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City walls - Subject of Fear and Trust

Dirk Lauwaert

City walls destroyed

During the 19th century, many European cities started to demolish the city walls to open up the city. In Bologna this happened rather late in 1902; in Maastricht the destruction took place in the late 1860s and early 1870s. In a phenomenology of urban space the notions of closed and open space are crucial. City walls make up an essential part of the identity of the city and of urban space. Enclosures generate very pleasurable city space; the encircling walls give the city direction and a clearly indicated centre. Destroying that urban construction, as happened in the 19th century in many places, implies eliminating one of the city's defining factors. The demolishing of the city walls destroyed de city as a closed end centered construction.


Cavazza Giuseppe | Bologna | Bologna Cineteca di Bologna | Inizio delle demolizioni della mura presso Porta Castiglione | In Porte e Mura della Città di Bologna


Weijnen Theodoor | Maastricht | Maastricht Stadsarchief | Ontmanteling van Maastricht / St Maartens Poort Gezicht van Buiten

Production of space

The new open space is a space without a frame. Frames are essential as a dividing border around a photograph, painting or sculpture. Without a frame the city space lacks organisation. Some containment is needed to organize space. A small part of the citizens of Maastricht, Bologna and other cities strongly opposed the destruction of the city walls. The opening of the cities was the subject of intense social, cultural and political debate. The gates, it was argued, were of historical interest and boost tourist activities.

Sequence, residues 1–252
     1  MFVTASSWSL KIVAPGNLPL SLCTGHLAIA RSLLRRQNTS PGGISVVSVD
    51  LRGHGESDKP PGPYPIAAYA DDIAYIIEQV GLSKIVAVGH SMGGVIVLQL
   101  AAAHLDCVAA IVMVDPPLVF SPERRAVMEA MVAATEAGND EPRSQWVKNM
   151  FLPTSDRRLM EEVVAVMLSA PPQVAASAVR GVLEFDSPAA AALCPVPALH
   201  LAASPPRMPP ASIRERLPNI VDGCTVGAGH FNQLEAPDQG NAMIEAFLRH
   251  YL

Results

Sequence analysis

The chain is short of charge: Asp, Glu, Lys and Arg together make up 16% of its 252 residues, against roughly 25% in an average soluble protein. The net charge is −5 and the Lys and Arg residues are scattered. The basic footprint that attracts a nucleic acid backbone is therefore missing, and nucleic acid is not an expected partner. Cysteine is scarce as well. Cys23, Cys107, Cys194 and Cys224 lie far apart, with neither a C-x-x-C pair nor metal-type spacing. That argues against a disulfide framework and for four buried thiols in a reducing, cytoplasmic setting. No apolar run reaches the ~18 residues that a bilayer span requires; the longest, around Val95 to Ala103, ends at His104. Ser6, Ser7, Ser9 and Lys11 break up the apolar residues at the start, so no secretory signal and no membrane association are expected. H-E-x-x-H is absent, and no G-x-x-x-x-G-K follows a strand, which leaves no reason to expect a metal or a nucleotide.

But they were also zones of economic importance: goods were carried into the cities through the city gates, taxes were charged, people could be controlled. City gates generated income and control. Once the walls no longer stood erect, transactions of goods at checkpoints ended and cities had to organize their income differently.
Demolishing the walls was also part of the redefinition of the military organisation of the various territories, so military logic also entered the discussions. Bologna, for instance, was no longer an important city to defend in the newly unified Italian state. As a result, the military abandoned the complicated construction.
The destruction of city walls is capitalistic production of space. It is a factory that produced in the immediate vicinity of the historical centre room to construct villas and factories and parks and green space. Doing away with military and enclosing constructions and creating a completely new and open space engendered a paradigm change that happened in a limited period of time - a few weeks or months.

Fear and trust